Designer Builds Furniture Using Only Forces of Tension, No Nails At All

Contemporary furniture designer Robby Cuthbert combines architectural principles and organic forms in his sculptural pieces. Coffee tables, lamps, shelves, and seats are carefully crafted with wood and steel cables depending on principles of tensegrity (or tension integrity). The results are pieces of light and airy modern furniture.

And just what's tensegrity? A term coined by famous American architect Buckminster Fuller, tensegrity structures rely on an overall balance of anxiety to produce stability.

Applying this theory, the Palo Alto-based furniture designer does not rely on screws, glue, and nails to hold together his furniture. The sections are engineered to perfection, with tension balanced in the steel cables or cantilevered to an individual point. With each tensegrity structure representing a mixture of practical furniture and graphics that is refined, it is no wonder that Cuthbert studied studio art with a draw toward architecture and sculpture.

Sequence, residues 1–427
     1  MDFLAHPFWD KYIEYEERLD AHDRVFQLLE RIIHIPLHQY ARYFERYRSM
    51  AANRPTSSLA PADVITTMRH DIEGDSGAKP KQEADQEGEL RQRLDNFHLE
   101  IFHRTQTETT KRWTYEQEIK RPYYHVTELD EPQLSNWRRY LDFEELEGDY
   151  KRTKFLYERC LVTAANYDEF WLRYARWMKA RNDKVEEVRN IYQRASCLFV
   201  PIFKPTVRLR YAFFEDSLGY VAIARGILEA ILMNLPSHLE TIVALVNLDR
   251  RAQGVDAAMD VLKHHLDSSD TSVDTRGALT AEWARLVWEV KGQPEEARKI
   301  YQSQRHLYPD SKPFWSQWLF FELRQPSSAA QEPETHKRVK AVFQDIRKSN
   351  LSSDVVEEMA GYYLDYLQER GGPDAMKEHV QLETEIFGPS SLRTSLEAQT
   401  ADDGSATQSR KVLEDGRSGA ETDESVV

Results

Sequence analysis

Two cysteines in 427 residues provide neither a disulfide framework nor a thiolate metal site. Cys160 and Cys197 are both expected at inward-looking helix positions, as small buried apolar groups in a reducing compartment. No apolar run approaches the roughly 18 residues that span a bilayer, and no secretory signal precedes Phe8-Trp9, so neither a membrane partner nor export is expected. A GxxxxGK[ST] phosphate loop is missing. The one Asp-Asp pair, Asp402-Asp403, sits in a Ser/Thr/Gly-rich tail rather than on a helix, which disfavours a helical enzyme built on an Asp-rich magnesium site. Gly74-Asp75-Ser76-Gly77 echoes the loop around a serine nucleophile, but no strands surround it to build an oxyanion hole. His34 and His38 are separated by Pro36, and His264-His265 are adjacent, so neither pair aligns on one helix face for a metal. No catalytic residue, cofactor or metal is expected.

“ I generate organic and architectural forms, commonly having a hint of whimsical or the fantastical, that analyze the role of pressure in the storing and release of energy,” Cuthbert shares. “With wire and wood as my primary substances, I've played with the trace of pent up energy held in check by forces that were opposing.

Cuthbert's cutting edge furniture can be found via his website, and he's also available for commission work.